Supercross became growingly popular amongst motor sport fans but it didn't seriously begin to gain public opinion until the early 2000s. Today supercross is the second most popular form of motorsport in the United States just after NASCAR racing. There are currently three different race category in supercross, the 450cc class, 250cc east, 250cc west and all bikes are generally four strokes. The 450cc class consists of 17 rounds and begins in late December and finishes up around the mid May mark and are held in 14 stadiums and one permanent race circuit in North America.
Some of the most notable winners of the 450cc class in the last 20 years are Jeremy McGrath-7 times winner, Ricky Carmichael-5 times winner and Ryan Villopoto-4 times winner. Well, I hope that gives you a bit of an insight into the history and origins of supercross in America and next week I will be talking about the race day formats and much more besides.

Monday 9 March 2015

Championship Update and Ryan Villopoto

Last week, Ryan Dungey got his third Monster Energy Supercross win of 2015 in spectacular style on his flashy KTM 450 SX-F, in front of 54,000 eager crowd. Eli Tomac took some of the spoils on his promising second place display, his ever reliable Honda CRF450R seeing him through. Next up on the Supercross calendar is Indianapolis, and with Dungey on 199 points (25 points for a race day win) and Trey Canard hot on his heels, this Championship is far from done and dusted.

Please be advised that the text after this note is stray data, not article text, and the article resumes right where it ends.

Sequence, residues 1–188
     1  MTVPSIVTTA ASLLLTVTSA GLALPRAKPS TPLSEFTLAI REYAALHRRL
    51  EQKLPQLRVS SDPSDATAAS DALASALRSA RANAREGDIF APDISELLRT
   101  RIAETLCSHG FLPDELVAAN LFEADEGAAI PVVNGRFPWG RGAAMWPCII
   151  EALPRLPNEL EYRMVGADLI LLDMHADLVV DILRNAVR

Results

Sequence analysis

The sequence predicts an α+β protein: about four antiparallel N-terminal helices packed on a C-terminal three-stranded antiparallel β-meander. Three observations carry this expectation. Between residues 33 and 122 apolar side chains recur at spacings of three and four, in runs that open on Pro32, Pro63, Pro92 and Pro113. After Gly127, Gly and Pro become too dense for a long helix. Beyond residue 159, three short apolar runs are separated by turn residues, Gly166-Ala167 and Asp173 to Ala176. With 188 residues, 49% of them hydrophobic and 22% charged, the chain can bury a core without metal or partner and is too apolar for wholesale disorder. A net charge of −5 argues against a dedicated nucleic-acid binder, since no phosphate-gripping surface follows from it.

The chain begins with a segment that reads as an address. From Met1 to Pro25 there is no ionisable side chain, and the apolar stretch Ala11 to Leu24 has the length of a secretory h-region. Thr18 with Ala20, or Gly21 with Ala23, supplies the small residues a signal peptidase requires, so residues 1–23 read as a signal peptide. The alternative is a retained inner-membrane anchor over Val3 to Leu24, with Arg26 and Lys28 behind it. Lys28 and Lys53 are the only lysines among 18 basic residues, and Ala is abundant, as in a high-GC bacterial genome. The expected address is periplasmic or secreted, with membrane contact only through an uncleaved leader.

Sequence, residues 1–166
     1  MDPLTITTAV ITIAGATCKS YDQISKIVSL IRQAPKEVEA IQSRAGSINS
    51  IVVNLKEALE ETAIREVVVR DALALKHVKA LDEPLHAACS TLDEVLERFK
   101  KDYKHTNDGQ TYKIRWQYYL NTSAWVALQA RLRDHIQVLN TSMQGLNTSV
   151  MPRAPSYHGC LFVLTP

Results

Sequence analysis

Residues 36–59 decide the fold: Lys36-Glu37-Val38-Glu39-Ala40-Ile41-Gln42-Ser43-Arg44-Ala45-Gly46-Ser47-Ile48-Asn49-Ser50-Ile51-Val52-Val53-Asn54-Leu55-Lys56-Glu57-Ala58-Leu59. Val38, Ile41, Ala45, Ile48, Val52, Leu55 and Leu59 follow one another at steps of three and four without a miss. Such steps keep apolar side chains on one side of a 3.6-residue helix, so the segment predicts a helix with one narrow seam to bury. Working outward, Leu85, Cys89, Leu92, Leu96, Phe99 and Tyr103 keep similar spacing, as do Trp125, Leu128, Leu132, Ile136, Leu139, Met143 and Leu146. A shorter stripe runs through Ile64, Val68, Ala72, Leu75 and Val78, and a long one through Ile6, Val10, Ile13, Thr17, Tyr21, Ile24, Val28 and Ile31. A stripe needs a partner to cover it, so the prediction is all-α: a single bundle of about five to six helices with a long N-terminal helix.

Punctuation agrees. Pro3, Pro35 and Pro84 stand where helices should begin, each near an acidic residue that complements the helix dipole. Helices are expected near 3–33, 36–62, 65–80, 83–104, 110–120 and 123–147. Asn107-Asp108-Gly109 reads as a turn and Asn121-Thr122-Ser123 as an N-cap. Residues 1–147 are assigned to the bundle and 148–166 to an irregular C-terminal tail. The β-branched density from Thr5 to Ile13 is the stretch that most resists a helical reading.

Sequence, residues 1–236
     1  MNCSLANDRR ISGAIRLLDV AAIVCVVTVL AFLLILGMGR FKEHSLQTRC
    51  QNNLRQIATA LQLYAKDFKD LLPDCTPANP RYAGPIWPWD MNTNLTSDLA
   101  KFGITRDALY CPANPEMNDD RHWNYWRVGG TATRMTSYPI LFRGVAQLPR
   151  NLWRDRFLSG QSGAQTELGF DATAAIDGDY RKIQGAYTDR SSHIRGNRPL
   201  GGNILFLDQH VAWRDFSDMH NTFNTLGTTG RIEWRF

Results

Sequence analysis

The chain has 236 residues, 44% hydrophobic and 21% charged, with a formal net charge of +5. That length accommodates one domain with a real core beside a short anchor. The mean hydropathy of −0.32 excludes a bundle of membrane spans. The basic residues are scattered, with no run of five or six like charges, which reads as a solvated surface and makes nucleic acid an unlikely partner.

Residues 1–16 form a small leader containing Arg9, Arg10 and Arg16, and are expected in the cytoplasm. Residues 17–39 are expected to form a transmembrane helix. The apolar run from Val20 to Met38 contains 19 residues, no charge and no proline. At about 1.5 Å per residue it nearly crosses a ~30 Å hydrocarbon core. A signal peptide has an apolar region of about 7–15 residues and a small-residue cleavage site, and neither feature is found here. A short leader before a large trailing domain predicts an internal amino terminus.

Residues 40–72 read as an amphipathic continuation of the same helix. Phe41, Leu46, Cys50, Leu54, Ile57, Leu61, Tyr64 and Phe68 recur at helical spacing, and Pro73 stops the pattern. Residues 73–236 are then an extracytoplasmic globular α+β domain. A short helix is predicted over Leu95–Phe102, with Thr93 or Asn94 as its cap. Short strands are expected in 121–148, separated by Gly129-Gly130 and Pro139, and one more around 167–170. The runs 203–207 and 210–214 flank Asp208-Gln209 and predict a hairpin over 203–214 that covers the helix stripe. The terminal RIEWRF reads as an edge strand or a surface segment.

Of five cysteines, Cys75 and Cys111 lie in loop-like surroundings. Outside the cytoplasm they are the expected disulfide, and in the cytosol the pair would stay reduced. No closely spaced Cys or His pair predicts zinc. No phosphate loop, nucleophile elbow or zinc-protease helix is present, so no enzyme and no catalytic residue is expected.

Now to some more news about a past legend of Supercross. As most of you may or may not already know, Ryan Villopoto and four year consecutive winner of the championship (2011-2014) chose to not enter the 2015 supercross season and instead entered MXGP motocross championship in Europe. At the moment it is not clear whether he will return to Supercross but I and many others think this could be his last season professionally. His contract with Kawasaki will also end this year and his trusted and fantastic factory Kawasaki KX450F will also follow him into retirement and beyond. On the brightside though, this current championship will soon get very interesting seeing as there is no dominant rider. A true legend of the sport and ending with 73 AMA race day wins, I'd say not a bad return for Villopoto and his team!
So, all eyes are on Daytona and the next race and the new look track which is running in a different direction to usual and some wider lanes to account for. It seems like next week could be quite an interesting and exciting one to watch.
Credit Image:
                                                   Gate Down and BRAPPPPPPPP

Friday 27 February 2015

About my blog

Hello my name is Kyle and this is my new blog about the geography of the AMA Supercross Championship. I will be giving all the latest buzz from new bikes to the latest races, and much more besides. I hope you all enjoy reading my blog.